I’d imagine that most work in academia as professors or research assistants. Some work for government agencies; a smaller fraction work for private consulting firms.
What are some things they would do for a private consulting firm?
Botanists can do a variety of things. Their knowledge of plants makes them versatile in many industries. Sometimes botanists choose to teach, at whichever academic level suits them. Often they choose to go into business opening their own greenhouses, or some such similar thing. Of course, as valuable scientists, they might be hired either by research universities or independent enterprises, making groundbreaking discoveries about plants or keeping tabs on a specific ecosystem (in, say, a National Park). Some, but not all, of these options might require a more advanced botany degree.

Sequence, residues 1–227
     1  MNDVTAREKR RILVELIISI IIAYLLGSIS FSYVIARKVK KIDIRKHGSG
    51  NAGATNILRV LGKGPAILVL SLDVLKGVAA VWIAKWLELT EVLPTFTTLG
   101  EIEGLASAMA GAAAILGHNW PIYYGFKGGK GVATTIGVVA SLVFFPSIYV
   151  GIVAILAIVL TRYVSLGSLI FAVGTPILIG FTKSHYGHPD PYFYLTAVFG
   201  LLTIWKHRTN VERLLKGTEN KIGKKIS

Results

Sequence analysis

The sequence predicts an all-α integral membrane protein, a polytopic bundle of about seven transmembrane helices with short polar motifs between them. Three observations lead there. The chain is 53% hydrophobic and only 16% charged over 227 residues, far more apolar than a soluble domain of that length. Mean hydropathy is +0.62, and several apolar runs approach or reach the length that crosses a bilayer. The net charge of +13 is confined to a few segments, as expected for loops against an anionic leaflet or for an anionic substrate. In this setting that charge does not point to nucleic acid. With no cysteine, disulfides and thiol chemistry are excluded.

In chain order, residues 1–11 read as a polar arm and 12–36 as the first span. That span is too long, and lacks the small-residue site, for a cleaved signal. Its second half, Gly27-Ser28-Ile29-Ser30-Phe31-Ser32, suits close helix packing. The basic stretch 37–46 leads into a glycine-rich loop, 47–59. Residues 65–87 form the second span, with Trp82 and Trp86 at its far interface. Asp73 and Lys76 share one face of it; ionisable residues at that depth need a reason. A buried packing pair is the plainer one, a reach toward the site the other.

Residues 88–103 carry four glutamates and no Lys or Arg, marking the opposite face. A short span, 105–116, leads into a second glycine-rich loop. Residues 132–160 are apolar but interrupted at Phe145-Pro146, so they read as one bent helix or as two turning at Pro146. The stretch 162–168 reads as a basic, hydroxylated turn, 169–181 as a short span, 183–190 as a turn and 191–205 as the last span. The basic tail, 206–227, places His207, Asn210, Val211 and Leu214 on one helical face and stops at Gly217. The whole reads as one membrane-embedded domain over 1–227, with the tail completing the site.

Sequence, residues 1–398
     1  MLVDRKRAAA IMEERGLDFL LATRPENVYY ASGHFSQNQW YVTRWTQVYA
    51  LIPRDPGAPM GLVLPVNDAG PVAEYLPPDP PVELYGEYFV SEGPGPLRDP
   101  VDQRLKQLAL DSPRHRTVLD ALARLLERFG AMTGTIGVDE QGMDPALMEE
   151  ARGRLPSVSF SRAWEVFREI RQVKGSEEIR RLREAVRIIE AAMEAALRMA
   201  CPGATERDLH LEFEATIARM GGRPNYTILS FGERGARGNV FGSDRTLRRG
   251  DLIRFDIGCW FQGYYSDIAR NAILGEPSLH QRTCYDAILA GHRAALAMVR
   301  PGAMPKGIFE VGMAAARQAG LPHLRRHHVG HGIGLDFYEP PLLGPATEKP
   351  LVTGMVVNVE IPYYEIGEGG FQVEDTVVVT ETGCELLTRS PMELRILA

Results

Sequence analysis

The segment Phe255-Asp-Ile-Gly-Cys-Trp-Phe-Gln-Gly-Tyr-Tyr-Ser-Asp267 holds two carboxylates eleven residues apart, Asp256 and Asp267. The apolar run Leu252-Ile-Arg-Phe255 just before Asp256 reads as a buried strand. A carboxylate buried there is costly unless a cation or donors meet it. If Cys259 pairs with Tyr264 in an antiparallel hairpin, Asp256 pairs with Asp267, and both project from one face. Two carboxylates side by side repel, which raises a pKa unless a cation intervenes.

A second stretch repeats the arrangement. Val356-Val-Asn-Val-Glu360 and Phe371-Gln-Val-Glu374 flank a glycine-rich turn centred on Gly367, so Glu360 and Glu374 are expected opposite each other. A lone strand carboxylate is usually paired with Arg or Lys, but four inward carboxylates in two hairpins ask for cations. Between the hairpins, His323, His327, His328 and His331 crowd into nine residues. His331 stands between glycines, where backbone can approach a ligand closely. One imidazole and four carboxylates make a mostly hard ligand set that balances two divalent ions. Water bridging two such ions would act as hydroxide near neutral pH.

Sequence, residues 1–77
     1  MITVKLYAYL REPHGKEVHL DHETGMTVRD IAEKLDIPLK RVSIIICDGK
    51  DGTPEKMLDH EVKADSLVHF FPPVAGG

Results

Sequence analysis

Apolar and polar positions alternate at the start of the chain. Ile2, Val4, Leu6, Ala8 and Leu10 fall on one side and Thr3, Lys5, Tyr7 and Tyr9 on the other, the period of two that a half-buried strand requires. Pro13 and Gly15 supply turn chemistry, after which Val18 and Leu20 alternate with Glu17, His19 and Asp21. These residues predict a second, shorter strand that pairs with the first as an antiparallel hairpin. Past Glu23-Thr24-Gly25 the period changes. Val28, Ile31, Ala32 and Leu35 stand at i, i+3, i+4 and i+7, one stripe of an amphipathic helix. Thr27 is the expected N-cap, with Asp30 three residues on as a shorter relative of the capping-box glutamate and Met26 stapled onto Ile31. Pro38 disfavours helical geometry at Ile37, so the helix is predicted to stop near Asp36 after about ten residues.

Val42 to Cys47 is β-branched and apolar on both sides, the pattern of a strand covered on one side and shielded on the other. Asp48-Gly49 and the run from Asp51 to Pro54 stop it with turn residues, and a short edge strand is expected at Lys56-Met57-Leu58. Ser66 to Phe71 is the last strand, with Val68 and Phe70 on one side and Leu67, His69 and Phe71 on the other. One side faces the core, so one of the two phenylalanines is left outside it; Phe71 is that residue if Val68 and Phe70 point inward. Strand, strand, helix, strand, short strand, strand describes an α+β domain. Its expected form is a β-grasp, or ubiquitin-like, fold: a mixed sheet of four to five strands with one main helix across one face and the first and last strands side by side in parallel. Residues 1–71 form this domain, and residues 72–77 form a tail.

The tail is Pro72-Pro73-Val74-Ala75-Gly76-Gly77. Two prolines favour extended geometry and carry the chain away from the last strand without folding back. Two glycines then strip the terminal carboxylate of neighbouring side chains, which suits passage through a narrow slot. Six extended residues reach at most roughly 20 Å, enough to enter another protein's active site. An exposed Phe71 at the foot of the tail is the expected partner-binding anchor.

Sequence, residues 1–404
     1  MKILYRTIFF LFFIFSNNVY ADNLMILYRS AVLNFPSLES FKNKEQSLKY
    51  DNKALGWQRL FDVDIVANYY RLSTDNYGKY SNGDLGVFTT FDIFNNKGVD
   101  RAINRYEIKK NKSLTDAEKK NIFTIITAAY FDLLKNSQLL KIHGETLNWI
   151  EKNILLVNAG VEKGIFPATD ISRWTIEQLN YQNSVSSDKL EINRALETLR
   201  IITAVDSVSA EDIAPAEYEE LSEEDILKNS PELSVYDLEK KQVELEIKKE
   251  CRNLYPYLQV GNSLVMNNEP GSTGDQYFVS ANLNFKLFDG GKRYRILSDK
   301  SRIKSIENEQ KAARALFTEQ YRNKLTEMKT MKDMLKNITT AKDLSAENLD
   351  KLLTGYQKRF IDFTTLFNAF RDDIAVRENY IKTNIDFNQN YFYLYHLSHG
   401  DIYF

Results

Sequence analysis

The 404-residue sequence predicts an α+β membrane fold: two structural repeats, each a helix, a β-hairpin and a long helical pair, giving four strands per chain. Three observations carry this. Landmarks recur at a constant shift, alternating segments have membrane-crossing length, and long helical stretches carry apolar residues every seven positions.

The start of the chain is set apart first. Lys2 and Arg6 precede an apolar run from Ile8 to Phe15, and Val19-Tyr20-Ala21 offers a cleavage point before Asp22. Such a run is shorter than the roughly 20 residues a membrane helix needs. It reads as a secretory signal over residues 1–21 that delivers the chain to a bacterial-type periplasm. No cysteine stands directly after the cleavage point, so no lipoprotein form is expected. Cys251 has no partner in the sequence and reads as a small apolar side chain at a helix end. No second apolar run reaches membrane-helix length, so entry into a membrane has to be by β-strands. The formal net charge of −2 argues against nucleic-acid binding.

I used to work for a botanist who works at a herbarium of a research university. A herbarium is basically a museum of dead pressed plants. Most of the time, she is behind a microscope, identifying plants for people. The rest of the time, she manages the museum (sorting, filing, cleaning the collection), maintaining the database, planning educational programs and teaching.
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